Listening to Jerome's credulity-defying (as well as dramatically inert) description to Bug of how he ended up in his closet, all I could think of is "why the hell is this character even blind to begin with?" Not only does Jerome's disability not play any role in the plot but thanks to Craven apparently not understanding what the hell "blind" means only adds to the sense that Craven is off his nut. Yes, I know that blind people are very capable and they can do a lot without any assistance but come on now. Maybe Craven got all his info on the blind from watching Daredevil, I don't know.

I'd like to be able say it's heartening that MSTT is the rare modern horror film with a real personality to it. As a bid to try and launch another franchise character there's some obvious market-minded thinking involved but yet this isn't the processed garbage found in a Platinum Dunes remake - it's evident that Craven is pouring some real spirit into his work. There's plenty of talk about the human soul and of good and evil and morality that make it clear that even after all these years of toiling in the genre that horror isn't just an easy buck for Craven. He cares, he respects his audience, and he's still putting a little of his deeper self into his films. This is the first original script he's penned since 1994's A New Nightmare and it fully bears his imprint. But then there's the inescapable fact that it's lousy.

Craven has always gotten into trouble the more metaphysical his material is. Down and Dirty is where Craven shines (The Hills Have Eyes, The People Under The Stairs). Anything Goes Craven (Shocker, this crap), not so much.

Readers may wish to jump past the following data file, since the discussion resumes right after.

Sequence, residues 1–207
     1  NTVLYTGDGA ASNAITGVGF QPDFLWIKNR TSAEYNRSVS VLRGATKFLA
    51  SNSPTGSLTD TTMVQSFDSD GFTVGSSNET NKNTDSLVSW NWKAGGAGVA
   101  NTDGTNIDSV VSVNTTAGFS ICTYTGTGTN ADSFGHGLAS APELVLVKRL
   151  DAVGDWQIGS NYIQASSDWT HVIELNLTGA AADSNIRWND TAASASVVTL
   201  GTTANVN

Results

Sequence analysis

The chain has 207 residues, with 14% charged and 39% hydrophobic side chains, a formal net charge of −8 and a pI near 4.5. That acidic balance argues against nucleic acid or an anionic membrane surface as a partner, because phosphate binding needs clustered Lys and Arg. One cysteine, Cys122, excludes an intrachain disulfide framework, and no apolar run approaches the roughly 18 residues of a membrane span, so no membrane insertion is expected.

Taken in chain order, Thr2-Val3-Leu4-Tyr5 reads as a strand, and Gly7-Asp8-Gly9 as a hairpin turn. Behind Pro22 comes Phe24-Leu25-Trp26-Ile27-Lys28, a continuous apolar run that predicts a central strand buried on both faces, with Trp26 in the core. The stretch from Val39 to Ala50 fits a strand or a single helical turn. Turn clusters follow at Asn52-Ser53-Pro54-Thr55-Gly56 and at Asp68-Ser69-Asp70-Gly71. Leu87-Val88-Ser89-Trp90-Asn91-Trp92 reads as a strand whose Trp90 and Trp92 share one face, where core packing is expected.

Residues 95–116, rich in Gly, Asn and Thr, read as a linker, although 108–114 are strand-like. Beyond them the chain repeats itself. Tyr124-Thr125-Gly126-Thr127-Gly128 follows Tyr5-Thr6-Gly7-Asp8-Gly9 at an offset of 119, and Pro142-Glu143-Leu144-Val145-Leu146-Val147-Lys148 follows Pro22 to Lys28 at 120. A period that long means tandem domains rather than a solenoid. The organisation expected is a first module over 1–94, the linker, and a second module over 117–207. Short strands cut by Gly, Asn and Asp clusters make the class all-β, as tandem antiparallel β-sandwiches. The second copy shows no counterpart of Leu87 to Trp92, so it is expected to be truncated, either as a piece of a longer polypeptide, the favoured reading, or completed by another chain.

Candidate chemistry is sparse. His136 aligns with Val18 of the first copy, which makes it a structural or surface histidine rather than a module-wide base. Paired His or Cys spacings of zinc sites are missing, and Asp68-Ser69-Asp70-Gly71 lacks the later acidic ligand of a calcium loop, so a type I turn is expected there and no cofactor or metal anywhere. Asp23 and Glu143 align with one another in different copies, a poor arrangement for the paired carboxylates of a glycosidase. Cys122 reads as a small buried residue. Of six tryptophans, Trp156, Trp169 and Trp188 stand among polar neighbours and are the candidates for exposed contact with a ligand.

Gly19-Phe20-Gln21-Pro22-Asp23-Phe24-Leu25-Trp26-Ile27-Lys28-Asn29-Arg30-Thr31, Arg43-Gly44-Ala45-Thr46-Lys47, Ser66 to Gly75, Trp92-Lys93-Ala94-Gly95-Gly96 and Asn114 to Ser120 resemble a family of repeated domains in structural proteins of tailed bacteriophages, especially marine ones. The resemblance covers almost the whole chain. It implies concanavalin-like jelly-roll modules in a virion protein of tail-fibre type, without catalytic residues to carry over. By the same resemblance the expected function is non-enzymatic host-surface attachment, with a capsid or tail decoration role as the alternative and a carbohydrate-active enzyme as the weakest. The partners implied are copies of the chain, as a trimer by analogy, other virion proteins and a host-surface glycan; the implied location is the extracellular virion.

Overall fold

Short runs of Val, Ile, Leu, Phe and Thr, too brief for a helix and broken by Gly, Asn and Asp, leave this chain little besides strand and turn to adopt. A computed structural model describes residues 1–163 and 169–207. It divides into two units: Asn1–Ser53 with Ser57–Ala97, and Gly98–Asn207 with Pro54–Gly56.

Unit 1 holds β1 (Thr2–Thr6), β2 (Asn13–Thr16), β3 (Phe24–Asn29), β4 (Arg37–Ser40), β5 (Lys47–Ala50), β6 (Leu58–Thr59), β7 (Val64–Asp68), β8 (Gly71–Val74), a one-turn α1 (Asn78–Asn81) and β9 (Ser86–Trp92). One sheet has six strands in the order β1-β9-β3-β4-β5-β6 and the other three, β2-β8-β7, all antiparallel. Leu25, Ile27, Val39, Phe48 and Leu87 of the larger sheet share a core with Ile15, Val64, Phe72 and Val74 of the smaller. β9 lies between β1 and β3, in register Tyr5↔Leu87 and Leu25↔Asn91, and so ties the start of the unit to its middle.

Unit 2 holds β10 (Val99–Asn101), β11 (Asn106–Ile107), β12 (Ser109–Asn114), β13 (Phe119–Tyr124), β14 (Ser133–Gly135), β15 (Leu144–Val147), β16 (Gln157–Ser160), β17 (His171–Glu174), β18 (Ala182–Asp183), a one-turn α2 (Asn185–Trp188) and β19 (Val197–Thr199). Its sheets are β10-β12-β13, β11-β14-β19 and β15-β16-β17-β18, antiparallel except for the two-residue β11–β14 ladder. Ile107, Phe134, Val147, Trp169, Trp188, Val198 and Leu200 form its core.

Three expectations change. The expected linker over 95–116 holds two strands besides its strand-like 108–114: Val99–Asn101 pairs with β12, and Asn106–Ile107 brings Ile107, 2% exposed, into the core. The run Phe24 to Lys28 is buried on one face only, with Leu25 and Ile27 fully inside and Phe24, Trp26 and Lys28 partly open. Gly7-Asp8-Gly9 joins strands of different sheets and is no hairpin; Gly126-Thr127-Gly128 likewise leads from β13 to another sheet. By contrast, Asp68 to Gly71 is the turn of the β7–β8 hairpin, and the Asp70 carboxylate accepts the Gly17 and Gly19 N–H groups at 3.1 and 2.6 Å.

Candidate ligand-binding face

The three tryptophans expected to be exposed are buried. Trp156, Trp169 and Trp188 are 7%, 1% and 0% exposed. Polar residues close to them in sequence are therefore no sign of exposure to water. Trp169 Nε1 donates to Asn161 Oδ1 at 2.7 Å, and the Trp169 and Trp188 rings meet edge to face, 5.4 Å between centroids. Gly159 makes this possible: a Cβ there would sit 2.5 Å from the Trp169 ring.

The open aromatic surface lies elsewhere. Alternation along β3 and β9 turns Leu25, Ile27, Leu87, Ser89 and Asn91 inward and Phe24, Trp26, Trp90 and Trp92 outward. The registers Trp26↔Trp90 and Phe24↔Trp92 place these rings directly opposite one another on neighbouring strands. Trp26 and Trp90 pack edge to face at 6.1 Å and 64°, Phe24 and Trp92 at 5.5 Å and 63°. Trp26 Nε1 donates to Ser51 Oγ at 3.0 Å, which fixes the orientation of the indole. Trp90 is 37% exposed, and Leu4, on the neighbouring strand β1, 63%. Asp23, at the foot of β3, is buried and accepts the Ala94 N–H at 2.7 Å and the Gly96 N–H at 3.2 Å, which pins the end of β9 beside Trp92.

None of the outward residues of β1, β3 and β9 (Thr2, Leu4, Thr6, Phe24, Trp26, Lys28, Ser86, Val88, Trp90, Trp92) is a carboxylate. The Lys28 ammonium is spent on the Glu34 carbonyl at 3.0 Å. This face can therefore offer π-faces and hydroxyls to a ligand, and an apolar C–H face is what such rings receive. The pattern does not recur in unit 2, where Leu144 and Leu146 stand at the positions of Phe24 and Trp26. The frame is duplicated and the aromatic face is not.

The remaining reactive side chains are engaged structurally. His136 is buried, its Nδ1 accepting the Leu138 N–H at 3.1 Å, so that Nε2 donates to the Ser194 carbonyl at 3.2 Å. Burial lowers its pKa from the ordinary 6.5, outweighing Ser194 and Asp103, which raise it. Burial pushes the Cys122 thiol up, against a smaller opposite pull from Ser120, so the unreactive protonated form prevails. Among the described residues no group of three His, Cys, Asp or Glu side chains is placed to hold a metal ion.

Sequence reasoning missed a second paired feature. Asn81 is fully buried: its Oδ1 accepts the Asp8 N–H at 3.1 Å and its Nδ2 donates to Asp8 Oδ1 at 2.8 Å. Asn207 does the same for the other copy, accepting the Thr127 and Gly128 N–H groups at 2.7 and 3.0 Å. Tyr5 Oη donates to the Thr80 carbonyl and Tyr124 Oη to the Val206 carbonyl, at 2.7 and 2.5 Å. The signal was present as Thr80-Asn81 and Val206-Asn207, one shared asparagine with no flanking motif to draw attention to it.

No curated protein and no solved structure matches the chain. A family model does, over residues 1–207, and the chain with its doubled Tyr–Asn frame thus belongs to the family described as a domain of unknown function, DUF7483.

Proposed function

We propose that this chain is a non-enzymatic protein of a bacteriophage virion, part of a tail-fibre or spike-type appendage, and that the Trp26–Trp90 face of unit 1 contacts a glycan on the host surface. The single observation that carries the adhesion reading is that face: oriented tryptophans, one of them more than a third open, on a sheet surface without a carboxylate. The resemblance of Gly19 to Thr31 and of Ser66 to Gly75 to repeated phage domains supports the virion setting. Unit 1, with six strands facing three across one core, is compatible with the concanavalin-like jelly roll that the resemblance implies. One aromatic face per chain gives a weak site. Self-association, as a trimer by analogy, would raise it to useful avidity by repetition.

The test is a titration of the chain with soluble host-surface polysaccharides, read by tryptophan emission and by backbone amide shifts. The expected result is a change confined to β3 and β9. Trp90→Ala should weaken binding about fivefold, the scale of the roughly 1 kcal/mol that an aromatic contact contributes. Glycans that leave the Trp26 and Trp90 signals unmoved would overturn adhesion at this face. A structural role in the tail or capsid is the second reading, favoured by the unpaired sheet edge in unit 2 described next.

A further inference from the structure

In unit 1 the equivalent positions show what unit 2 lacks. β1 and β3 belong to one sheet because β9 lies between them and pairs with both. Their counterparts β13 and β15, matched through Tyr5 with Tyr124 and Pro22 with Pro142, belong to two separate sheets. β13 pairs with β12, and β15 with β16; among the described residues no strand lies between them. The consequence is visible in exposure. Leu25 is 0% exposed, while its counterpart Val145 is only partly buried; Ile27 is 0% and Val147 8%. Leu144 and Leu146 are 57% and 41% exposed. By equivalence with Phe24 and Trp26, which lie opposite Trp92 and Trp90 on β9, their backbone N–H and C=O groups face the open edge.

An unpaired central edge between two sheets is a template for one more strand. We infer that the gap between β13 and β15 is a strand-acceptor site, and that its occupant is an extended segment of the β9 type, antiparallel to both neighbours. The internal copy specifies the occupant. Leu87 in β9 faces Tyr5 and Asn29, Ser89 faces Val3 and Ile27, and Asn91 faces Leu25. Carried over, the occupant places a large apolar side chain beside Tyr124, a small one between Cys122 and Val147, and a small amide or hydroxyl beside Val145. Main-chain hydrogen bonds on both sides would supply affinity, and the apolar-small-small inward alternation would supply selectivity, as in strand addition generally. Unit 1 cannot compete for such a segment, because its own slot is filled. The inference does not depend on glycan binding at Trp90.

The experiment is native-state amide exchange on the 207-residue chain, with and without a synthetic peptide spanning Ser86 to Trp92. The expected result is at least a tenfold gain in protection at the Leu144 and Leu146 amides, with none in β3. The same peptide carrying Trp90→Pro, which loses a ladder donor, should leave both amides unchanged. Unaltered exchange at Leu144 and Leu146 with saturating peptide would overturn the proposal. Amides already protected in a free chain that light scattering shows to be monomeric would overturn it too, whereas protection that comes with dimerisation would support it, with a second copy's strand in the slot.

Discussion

There's a germ of a good movie here but Craven never finds it past the clutter of his ideas and his faltering dramatic instincts. I did like some of the performances, Emily Meade in particular. But overall, My Soul To Take is just Too Much To Take.


Unknown said...

This is a bummer. Even the ads for this film had a faint whiff of desperation and this does not bode well for SCREAM 4 which has also been plagued by numerous production problems.

Anonymous said...

I read a recent interview in Horrorhound in which he singlehandedly convinced me to give the movie a shot. I'm glad I didn't.

Looks like you were just about the only one in the horror blogosphere who saw this over the weekend. You are a brave soul. I salute you.

Jeff Allard said...

J.D., after seeing MSTT it's hard not to worry about Scream 4. That's not a movie I had much excitement for to begin with but it'd suck for Craven to release two godawful movies back to back.

Cortez, I hate to let any theatrically released horror movie get by me. I probably haven't missed one since I've been old enough to see 'em on my own. That's about twenty-five years worth of movies we're talking about and I've gotta say that MSTT is one of the all-time worst!

Having said that, if someone out there dug the movie - more power to 'em!

Chris H said...

Haha, even reading your synopsis is surreal.

I think you hit the nail on the head, and that's these old guys really need to stop writing for and about teens. Talk about out of touch. Doubly sad is that I watched those great documentaries on the original Nightmare on Elm Street DVD, and Craven had absolutely everything thought out perfectly. He's just lost all those really wonderful details in the last 15 years or so.

Every day I consider a matinee screening, and every day I read another review that convinces me to see something else.

Jeff Allard said...

I'd definitely recommend holding off until DVD for this, Chris. I love Craven - I'll even stick up for A Vampire in Brooklyn. But MSTT is the work of someone who seems a little (ok, a lot) out of touch with things. It's a bummer when an old-school guy like Craven gets to make a movie his way and have it get a wide release but this is what he comes up with. Survival of the Dead deserved to play more theaters than MSTT.

Chris H said...

Totally agree, Jeff. Craven seems to have the most power for getting things done and is squandering it so badly.